Relations with Imam al-Sajjad (a)
There are different reports on Mukhtar’s relation with Imam al-Sajjad (a). Some reports show that Imam al-Sajjad (a) did not welcome Mukhtar and rejected his gifts, whereas other reports show that he was approved by Imam al-Sajjad (a). With the censorship that existed because of the Umayyads and Zubayr dynasty, it wasn’t possible for Imam al-Sajjad (a) to directly interfere. Therefore, he announced that Muhammad b. al-Hanafiyya is his representative and referred Mukhtar to him.
According to this report, Mukhtar sent 20,000 Dinars to the Imam (a), which he accepted, and rebuilt ‘Aqil b. Abi Talib’s, and the rest of the Banu Hashims’ houses which were ruined. Mukhtar also gifted a slave which he had bought for 30,000 Dirhams to Imam al-Sajjad (a). Zayd b. ‘Ali was born from that slave. Another report states that when a group of leaders from Kufa went to visit Imam al-Sajjad (a) and asked him about Mukhtar’s mission, he referred them to Muhammad b. al-Hanafiyya and said, “Oh uncle, if a black slave shows intolerance for our sake, it is obligatory for us to rush to his help. Do whatever you want regarding this matter, for I have chosen you as the representative in this issue.”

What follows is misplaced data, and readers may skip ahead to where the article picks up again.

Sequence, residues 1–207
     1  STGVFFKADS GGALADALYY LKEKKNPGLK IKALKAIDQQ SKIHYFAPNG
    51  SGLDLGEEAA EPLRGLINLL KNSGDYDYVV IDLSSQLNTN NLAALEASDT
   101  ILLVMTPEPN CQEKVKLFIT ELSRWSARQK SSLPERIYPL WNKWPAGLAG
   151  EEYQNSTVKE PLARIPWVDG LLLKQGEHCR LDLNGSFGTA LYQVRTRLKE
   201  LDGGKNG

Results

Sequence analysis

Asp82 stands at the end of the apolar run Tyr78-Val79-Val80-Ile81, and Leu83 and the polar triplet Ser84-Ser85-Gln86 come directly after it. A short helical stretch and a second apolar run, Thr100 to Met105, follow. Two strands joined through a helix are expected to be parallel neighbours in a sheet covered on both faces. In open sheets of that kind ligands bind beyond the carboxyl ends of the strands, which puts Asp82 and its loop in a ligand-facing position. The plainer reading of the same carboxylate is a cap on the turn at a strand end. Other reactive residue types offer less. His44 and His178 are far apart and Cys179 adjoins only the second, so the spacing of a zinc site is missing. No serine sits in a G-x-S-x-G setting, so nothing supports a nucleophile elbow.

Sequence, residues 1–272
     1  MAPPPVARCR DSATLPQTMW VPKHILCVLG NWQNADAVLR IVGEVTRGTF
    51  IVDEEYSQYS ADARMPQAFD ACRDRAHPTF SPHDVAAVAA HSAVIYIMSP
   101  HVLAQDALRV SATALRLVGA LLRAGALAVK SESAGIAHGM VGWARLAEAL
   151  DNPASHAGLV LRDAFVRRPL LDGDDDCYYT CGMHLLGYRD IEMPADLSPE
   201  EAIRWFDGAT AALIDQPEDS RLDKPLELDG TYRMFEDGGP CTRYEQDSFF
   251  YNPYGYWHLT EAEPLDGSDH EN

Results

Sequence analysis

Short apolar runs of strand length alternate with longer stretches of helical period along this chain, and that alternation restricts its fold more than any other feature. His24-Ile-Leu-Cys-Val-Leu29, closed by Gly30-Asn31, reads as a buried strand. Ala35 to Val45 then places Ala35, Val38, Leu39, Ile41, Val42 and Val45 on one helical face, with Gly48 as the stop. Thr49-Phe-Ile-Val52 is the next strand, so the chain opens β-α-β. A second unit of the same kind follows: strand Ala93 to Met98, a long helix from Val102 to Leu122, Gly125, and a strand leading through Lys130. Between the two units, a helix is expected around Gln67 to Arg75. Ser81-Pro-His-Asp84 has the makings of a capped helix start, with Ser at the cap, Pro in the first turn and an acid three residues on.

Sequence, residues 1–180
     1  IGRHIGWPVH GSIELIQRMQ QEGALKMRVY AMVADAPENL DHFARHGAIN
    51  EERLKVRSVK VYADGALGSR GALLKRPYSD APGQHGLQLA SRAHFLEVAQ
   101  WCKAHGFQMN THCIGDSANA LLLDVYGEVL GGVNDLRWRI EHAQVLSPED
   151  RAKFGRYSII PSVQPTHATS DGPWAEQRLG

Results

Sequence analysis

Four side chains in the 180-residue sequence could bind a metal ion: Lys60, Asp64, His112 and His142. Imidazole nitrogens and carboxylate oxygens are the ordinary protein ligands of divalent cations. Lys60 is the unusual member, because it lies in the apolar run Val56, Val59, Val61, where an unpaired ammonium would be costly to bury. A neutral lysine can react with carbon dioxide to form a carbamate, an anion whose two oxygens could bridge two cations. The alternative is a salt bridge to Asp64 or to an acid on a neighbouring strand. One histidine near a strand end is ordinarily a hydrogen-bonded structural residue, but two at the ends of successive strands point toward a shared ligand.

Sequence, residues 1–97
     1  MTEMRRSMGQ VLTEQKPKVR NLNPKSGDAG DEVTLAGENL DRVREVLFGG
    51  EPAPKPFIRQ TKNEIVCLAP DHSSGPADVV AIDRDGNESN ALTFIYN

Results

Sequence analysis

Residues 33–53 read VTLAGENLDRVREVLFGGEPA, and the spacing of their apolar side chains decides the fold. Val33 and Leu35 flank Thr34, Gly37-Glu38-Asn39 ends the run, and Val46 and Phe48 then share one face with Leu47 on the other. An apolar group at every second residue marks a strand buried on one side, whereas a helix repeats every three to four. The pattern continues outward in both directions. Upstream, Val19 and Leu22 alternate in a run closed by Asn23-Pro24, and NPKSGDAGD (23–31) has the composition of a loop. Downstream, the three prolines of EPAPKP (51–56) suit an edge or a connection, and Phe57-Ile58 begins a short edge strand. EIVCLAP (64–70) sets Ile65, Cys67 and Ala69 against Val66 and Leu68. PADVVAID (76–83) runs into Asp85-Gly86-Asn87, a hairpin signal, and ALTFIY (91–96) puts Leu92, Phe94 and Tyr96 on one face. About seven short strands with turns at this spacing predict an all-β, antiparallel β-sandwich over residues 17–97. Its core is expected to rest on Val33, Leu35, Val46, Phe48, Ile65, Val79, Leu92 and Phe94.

Ayatollah Khoei and Mamaqani believe that Mukhtar had a specific permission from Imam al-Sajjad (a) for his uprise.
Connection with Muhammad b. al-Hanafiyya
A study on some reports suggests that Mukhtar invited people to the Imamate of Muhammad b. al-Hanafiyya, calling him the Mahdi, but in his book, Kashf al-ghumma, Irbilibelieves that this connection, and the leadership of the uprise by Muhammad b. al-Hanafiyya, was a façade set up because of the aberrant condition Imam al-Sajjad (a) was in.
Muhammad b. ‘Isma’il al-Mazandarani al-Ha’iri, author of Muntaha l-maqal believes that Mukhtar believed in the imamate of Imam al-Sajjad (a), and rejects that Mukhtar believed in Muhammad b. al-Hanafiyya.
Rescuing Muhammad b. al-Hanafiyya